Time for Rhyme? Hungry for Haiku? National Poetry Month
Do you have time for Rhyme?
April is National Poetry Month
Poetically speaking, April is actually the coolest, not the cruelest month.
When a man loves a woman…he memorizes a poem
The hot topic in the very long line to get in at the State Bird Provisions was how perfectly seductive it is to hear a man recite a poem. Consensus was, “Oh, yeah!” Wordsworth said, “Poetry is the spontaneous overflow of powerful feelings: it takes its origin from a motion we collected in tranquility.” Voltaire called poetry, “Music of the soul.”
Whatever You Call It – Just Do it
Whether you recite a poem, a haiku, a sonnet – whether it’s blank verse – or free verse, lyrical or satirical- women swoon over poetry. There’s something irresistible and alluring about having someone recite a poem to you.
Remember: poems are meant to be slow and leisurely, read aloud and read more than once.
Don’t Wait until April– to pick up a book of poems, choose a poet – whether it’s Dorothy Parker, Neruda, or Poe or Browning, or local poet laureate: Kay Ryan or Margaret Atwood or Billy Collins. Find a slim volume of poems and revel in the language. Check out: Poetic License: 100 Poems 100 Performers – an audio book – see your Indy Bookstore or the library.
Here are the Top 10 Poems of the Day
1. Elizabeth Barrett Browning “How Do I Love thee? Let me count the ways”
2. Robert Burns, scalding red-hot love poem: “My Red, Red, Rose”
3. Emily Dickinson “I Cannot Live with You”
4. Shakespeare’s Sonnet 18 “Shall I Compare You to a Summer’s Day?”
5. Sir Walter Raleigh “The Nymph’s Reply to the Shepherd”
6. Billy Collins “Litany”
7. William Wordsworth “The Daffodils”
8. W.H Auden’s “Funeral Blues”
9. Francis William Bourdillon “The Night has a Thousand Eyes”
10.Henry Wadsworth Longfellow “The Day is Done”
April is Poetry Month: Read them, recite them, revel in poetry.
“Poetry is the shadow cast by out streetlight imaginations.” Lawrence Ferlinghetti
WHEN I see birches bend to left and right
Across the line of straighter darker trees,
I like to think some boy’s been swinging them.
But swinging doesn’t bend them down to stay.
Ice-storms do that. Often you must have seen them 5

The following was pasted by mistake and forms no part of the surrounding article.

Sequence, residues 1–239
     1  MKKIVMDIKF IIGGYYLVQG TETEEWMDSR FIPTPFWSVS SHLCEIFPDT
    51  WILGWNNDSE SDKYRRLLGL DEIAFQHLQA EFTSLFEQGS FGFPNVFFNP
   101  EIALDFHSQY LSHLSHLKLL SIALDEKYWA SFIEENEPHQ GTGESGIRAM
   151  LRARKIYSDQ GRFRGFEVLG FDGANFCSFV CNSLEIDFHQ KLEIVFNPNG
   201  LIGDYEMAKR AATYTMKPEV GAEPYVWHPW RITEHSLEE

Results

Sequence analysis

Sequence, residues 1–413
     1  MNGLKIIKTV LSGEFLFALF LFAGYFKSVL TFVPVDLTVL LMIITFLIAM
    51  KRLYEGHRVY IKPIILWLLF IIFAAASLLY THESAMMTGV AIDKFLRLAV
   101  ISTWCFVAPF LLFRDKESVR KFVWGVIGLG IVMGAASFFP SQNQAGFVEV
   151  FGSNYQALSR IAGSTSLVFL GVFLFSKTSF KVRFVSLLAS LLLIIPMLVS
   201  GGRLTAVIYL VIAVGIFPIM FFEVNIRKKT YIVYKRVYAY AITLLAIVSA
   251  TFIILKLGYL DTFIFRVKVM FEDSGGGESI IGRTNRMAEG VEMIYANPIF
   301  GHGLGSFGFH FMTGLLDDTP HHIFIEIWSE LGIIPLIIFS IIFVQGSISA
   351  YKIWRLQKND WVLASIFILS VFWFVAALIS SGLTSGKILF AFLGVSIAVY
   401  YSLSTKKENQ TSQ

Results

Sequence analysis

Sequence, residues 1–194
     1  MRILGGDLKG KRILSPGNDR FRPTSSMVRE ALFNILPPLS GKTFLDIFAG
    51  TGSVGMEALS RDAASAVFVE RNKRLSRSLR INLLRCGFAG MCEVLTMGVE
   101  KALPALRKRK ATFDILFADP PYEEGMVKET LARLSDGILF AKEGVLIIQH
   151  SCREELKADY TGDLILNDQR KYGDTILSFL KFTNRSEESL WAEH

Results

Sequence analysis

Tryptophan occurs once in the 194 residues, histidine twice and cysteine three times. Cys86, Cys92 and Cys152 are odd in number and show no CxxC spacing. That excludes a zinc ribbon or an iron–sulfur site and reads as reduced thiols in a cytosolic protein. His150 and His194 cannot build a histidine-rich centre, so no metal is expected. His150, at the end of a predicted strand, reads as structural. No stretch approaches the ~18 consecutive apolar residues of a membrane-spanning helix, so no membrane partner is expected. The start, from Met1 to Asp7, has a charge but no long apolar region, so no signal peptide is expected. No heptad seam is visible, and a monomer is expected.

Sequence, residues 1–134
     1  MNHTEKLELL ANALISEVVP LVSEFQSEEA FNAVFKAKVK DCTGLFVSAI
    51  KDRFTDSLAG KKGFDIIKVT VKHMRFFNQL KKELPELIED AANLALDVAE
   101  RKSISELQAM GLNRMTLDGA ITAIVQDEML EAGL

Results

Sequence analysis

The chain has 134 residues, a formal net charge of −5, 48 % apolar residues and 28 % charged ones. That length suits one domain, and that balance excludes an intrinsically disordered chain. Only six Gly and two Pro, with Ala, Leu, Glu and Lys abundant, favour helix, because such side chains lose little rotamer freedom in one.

Loaded with ice a sunny winter morning
After a rain. They click upon themselves
As the breeze rises, and turn many-colored
As the stir cracks and crazes their enamel.
Soon the sun’s warmth makes them shed crystal shells 10
Shattering and avalanching on the snow-crust—
Such heaps of broken glass to sweep away
You’d think the inner dome of heaven had fallen.
They are dragged to the withered bracken by the load,
And they seem not to break; though once they are bowed
So low for long, they never right themselves:
You may see their trunks arching in the woods
Years afterwards, trailing their leaves on the ground
Like girls on hands and knees that throw their hair
Before them over their heads to dry in the sun.
But I was going to say when Truth broke in
With all her matter-of-fact about the ice-storm
(Now am I free to be poetical?)
I should prefer to have some boy bend them
As he went out and in to fetch the cows— 25
Some boy too far from town to learn baseball,
Whose only play was what he found himself,
Summer or winter, and could play alone.
One by one he subdued his father’s trees
By riding them down over and over again 30
Until he took the stiffness out of them,
And not one but hung limp, not one was left
For him to conquer. He learned all there was
To learn about not launching out too soon
And so not carrying the tree away 35
Clear to the ground. He always kept his poise
To the top branches, climbing carefully
With the same pains you use to fill a cup
Up to the brim, and even above the brim.
Then he flung outward, feet first, with a swish, 40
Kicking his way down through the air to the ground.
So was I once myself a swinger of birches;
And so I dream of going back to be.
It’s when I’m weary of considerations,
And life is too much like a pathless wood 45
Where your face burns and tickles with the cobwebs
Broken across it, and one eye is weeping
From a twig’s having lashed across it open.
I’d like to get away from earth awhile
And then come back to it and begin over. 50
May no fate wilfully misunderstand me
And half grant what I wish and snatch me away
Not to return. Earth’s the right place for love:
I don’t know where it’s likely to go better.
I’d like to go by climbing a birch tree, 55
And climb black branches up a snow-white trunk
Toward heaven, till the tree could bear no more,
But dipped its top and set me down again.
That would be good both going and coming back.
One could do worse than be a swinger of birches. 60